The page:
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Arizona’s water history is a rich one, filled with stories of conflict and collaboration. . .hostility and harmony. But in the end, the characters in this story – farmers, politicians, engineers, economists, lawyers, accountants – accomplished a lot.

Aerial View of the Colorado River

CAP’s Oral Histories are the real stories. History told by those who lived it.

For example, Arizonans know that in the late 1970s, CAP construction almost ceased until the state developed a comprehensive groundwater management law. Conflict ensued between Arizona and Washington. But what you may not know is that, according to Bruce Babbitt, some of that conflict was intentionally created.

Babbitt took the lead and formed a group to tackle the issue, but progress was slow. So he talked with his friend, Interior Secretary Cecil Andrus and recruited him to help ignite the efforts.

“I would periodically call him up and say, ‘Cec, give me some leverage, threaten to kill it (CAP construction) and I will go out in public and condemn you as interfering in our business and telling you to stay out of our affairs,’” Babbitt said.  “At the same time I would go back into the group and say, ‘Okay, you hear him, he just might do that.’”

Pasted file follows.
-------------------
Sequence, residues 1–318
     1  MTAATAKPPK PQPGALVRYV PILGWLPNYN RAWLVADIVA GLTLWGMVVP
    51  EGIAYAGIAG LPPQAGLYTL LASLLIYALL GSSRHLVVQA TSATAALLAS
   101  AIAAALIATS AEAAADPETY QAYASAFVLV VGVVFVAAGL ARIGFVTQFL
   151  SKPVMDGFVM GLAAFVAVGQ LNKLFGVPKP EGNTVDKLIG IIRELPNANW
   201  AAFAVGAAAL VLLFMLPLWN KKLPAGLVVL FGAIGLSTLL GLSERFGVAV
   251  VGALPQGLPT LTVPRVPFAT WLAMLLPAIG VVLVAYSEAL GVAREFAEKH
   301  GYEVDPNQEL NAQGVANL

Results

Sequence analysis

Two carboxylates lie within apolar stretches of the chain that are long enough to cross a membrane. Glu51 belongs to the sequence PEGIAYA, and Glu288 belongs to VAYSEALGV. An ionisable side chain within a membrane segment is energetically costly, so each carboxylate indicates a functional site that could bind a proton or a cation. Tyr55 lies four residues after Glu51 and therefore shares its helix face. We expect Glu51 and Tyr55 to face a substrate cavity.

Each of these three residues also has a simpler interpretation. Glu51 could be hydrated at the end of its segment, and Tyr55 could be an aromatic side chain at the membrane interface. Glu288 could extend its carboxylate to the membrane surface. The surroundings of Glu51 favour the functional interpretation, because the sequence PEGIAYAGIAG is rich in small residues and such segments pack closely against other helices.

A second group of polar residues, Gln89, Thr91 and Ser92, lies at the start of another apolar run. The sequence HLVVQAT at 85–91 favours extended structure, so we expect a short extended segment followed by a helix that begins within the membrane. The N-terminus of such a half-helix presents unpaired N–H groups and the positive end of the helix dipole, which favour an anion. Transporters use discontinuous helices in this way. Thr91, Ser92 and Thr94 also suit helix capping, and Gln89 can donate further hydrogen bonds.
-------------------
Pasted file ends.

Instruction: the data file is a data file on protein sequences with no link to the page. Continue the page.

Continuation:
And that’s not the only great story told by this cast of characters.

Want to learn more? Check out the newly reworked CAP web page with all of its oral histories – 37 in all, in the words of some of Arizona’s most important water leaders, including U.S. Secretary of the Interior Cecil Andrus, U.S. Secretary of the Interior Bruce Babbitt, Tom Clark, Andy Dolyniuk, Kathy Ferris, Arizona Senator Jon Kyl, Jack Pfister, Arizona Representative John Rhodes, U.S. Secretary of the Interior Stewart Udall, Grady Gammage, Jr. and the Wuertz brothers. Each contains a biography, interview overview and a transcript from the interview. In some cases, there are even audio files so you can listen to the stories told in the individual’s own voice.

The oral histories detail how when Californian Wes Steiner was hired as the Executive Director of Arizona’s Interstate Stream Commission, people were worried he was still working for California, acting as a “spy” who wouldn’t have Arizona’s best interest at heart.

There are perspectives on Orme Dam and Plan 6.

Arizona fighting California for its full allocation. 

CAP suing the Federal Government over the total repayment amount.

Find these and more by clicking here.

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